I drove from Durango to Silverton this morning, which is like an hour’s drive through some really spectacular mountains. I came up here to talk with Charlie Thorn, who was one of the founders of Hardrock. Lately I’ve been interested in how Hardrock has created and maintained its unique spirit and sense of community, to the extent that I’ve started reaching out to people to ask them about it. Last week Dale Garland sat down with me and told me all kinds of interesting facts, and this week Charlie Thorn agreed to give me some of his time. So here I am.
Because of the fact that the road to Silverton passes through some glorious mountain scenery, I was forced to face the fact that I have missed this entire summer of mountain running. When my leg was sore after the Lake Sonoma 50 in April, I never would have dreamed that I would basically lose my entire running season. But that’s what happened, and to say that this has been frustrating would be an understatement. I have dealt with a genuine existential crisis this year, trying to understand how something so simple as not being able to run could completely undermine my sense of self-worth. I’ve been forced to accept that despite my myriad interests, I am a pretty one-dimensional person. I recognized this while injured two years ago but I never fixed it. I just fixed the injury. Now I’m injured again and it’s time I fixed my personality instead.
But coming into the high country today made me sad, not angry, and it was not just because I can’t go for a long mountain run. I realized today that I almost completely forgot about the fact that running is only one way to experience the outdoors. My pattern while injured has always been to retreat into a sort of hibernation; to essentially live my normal life but without running. But I have built my life around running to such a degree that all my trips and nearly all my time outdoors (especially in wild places) is passed in some running capacity. I don’t take regular walks. I bike only occasionally. I’ve been rock climbing more than usual, but even that is mostly just in the morning. As a result, I’ve spent an embarrassingly-large proportion of my summer indoors. And you can probably understand why that would make me sad this morning as I came over the passes and remembered all the experiences and emotions these places stir in me.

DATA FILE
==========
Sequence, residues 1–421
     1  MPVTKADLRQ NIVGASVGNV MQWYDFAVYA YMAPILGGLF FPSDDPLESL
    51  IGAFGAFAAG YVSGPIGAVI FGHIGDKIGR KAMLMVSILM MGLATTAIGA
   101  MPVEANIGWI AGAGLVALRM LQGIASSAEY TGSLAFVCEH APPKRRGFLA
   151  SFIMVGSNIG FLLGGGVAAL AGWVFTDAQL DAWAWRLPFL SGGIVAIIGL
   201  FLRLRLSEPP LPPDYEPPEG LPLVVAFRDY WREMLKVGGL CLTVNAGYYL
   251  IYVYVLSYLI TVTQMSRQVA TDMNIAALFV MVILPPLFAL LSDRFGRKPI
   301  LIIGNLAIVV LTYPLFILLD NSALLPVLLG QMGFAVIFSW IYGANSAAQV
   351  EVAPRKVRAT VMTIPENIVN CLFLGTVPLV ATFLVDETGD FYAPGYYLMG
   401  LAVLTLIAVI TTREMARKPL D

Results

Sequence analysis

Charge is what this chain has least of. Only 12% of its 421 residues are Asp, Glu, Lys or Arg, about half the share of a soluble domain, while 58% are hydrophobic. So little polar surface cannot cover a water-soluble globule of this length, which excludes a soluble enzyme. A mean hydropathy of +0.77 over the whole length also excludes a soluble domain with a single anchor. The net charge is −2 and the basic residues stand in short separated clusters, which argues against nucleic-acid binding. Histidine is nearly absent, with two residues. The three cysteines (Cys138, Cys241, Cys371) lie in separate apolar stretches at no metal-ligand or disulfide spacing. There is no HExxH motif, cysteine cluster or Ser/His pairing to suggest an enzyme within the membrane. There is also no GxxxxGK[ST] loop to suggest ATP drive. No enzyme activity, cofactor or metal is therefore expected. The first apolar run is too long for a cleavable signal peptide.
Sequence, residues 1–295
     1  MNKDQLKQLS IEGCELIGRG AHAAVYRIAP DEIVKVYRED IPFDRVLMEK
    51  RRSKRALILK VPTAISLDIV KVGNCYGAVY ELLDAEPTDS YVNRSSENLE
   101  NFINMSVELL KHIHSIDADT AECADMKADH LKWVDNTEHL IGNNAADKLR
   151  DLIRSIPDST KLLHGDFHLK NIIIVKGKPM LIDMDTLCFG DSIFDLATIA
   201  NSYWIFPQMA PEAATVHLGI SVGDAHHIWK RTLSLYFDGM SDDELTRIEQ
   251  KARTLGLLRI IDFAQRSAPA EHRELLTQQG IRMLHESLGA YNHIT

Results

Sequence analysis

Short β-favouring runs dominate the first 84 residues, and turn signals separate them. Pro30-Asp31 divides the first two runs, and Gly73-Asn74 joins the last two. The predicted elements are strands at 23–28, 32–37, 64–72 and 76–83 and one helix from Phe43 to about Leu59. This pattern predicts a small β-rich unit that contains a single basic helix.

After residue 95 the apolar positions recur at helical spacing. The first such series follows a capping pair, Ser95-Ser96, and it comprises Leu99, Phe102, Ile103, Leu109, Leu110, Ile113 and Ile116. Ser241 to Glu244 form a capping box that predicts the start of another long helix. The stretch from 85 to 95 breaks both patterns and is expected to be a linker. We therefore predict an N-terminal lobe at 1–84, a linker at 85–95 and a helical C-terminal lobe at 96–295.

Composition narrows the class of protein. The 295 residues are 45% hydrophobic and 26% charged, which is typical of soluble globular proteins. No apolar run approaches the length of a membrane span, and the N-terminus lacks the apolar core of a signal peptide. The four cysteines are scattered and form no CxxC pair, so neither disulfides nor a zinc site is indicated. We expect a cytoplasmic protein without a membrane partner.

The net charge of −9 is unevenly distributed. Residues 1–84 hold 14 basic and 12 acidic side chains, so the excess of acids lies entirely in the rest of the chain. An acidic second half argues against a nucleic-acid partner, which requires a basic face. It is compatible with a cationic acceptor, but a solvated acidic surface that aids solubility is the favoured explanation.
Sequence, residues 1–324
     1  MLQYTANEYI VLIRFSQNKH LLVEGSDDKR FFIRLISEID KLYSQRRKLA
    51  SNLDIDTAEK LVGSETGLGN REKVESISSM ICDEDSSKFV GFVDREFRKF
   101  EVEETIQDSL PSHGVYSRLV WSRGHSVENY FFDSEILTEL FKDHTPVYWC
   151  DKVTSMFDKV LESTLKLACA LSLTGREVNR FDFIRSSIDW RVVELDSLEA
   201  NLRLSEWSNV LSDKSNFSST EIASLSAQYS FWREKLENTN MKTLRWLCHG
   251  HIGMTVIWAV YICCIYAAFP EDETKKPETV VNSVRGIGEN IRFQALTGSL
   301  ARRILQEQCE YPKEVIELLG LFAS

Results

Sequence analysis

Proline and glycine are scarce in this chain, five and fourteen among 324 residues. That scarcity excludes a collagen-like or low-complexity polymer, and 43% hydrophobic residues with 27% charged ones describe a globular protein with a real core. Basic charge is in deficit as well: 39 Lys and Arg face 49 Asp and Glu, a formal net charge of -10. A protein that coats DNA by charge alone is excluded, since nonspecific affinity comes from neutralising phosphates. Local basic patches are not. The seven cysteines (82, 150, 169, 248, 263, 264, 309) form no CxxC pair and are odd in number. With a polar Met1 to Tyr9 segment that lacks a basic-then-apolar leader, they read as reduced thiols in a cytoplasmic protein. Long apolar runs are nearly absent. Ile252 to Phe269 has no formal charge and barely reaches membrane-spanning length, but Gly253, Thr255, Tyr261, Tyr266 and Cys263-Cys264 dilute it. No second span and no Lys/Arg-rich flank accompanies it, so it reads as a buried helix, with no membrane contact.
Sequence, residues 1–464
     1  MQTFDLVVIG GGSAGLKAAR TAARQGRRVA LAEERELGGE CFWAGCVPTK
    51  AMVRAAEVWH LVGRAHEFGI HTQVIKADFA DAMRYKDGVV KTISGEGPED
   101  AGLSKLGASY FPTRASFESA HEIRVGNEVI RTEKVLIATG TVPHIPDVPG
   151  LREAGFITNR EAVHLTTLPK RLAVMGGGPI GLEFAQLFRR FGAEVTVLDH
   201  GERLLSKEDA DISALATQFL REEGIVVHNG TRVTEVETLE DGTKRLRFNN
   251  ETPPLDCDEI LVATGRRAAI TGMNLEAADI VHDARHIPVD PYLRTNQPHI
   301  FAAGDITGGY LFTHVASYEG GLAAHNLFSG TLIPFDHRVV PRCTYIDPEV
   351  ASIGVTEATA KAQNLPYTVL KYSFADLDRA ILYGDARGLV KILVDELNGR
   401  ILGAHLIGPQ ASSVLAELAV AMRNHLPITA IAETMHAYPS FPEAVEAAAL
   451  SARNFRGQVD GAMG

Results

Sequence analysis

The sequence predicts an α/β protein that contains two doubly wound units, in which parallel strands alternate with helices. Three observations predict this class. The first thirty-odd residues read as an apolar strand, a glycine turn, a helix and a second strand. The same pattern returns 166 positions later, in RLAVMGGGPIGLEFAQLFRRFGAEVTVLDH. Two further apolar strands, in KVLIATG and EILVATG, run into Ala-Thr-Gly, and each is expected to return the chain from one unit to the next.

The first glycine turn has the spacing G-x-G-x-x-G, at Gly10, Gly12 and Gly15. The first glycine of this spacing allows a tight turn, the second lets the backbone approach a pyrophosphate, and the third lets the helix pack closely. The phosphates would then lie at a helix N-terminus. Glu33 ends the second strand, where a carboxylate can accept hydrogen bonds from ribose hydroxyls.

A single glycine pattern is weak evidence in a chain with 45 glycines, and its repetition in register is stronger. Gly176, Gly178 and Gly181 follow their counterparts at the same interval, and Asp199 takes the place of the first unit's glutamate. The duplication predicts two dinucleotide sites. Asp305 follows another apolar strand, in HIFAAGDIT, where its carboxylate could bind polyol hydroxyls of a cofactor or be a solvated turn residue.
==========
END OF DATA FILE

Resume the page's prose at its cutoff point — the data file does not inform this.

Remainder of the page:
So my goal now is to do much more than just recover physically. I hope to be able to run again, but it is now much more important to me to build a life that doesn’t rely so much on one act for fulfillment. Running is a gift that can be taken from us at any time, and that is an incredible liability if we don’t create full lives that draw from many different realms for meaning. This thought process has in fact helped me to realize that what has kept me in the running world since high school is the community, not just the act itself. I think that I would run if I had nobody to share it with, but it would never have become so important to me. The good people in this sport are what give it value.
To that end, my new goal is to connect with people more and on a much deeper level than I have in the past. One of the great things about mountain running is that it enables people to have challenging, powerful, and memorable experiences in wild places. In other words, mountain running facilitates adventure. And adventure is fun to hear about, so my goal is to start learning about some of the adventures that people have had in this sport and then to write them down. I like telling stories, and writing is a good excuse to go places and meet people. It helps me to break down social barriers and learn about other ways of life, and with practice I hope that maybe I’ll be able to convey the things I learn on paper. Maybe.
I’ll do my best. Why are you reading about all my bitching anyway? You should probably go for a run.
Or just a walk. I’m learning that those are often just as satisfying. The outdoors are there for everyone.